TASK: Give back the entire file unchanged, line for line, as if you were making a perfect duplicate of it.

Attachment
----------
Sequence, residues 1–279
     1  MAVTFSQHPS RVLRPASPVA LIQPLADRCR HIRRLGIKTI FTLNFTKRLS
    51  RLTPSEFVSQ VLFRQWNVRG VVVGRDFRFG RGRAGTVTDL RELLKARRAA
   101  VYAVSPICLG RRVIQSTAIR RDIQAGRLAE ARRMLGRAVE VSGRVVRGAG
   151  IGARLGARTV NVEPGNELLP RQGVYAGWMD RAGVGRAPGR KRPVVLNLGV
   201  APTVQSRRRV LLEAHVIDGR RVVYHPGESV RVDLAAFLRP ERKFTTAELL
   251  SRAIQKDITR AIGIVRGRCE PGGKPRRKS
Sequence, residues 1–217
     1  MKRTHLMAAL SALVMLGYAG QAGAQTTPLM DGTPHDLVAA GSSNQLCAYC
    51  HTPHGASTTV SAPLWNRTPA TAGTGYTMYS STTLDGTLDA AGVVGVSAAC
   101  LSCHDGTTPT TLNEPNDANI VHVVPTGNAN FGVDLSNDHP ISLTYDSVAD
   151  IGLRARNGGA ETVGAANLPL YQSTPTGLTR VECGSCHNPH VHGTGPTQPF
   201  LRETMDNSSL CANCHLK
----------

Sequence, residues 1–279
     1  MAVTFSQHPS RVLRPASPVA LIQPLADRCR HIRRLGIKTI FTLNFTKRLS
    51  RLTPSEFVSQ VLFRQWNVRG VVVGRDFRFG RGRAGTVTDL RELLKARRAA
   101  VYAVSPICLG RRVIQSTAIR RDIQAGRLAE ARRMLGRAVE VSGRVVRGAG
   151  IGARLGARTV NVEPGNELLP RQGVYAGWMD RAGVGRAPGR KRPVVLNLGV
   201  APTVQSRRRV LLEAHVIDGR RVVYHPGESV RVDLAAFLRP ERKFTTAELL
   251  SRAIQKDITR AIGIVRGRCE PGGKPRRKS
Sequence, residues 1–217
     1  MKRTHLMAAL SALVMLGYAG QAGAQTTPLM DGTPHDLVAA GSSNQLCAYC
    51  HTPHGASTTV SAPLWNRTPA TAGTGYTMYS STTLDGTLDA AGVVGVSAAC
   101  LSCHDGTTPT TLNEPNDANI VHVVPTGNAN FGVDLSNDHP ISLTYDSVAD
   151  IGLRARNGGA ETVGAANLPL YQSTPTGLTR VECGSCHNPH VHGTGPTQPF
   201  LRETMDNSSL CANCHLK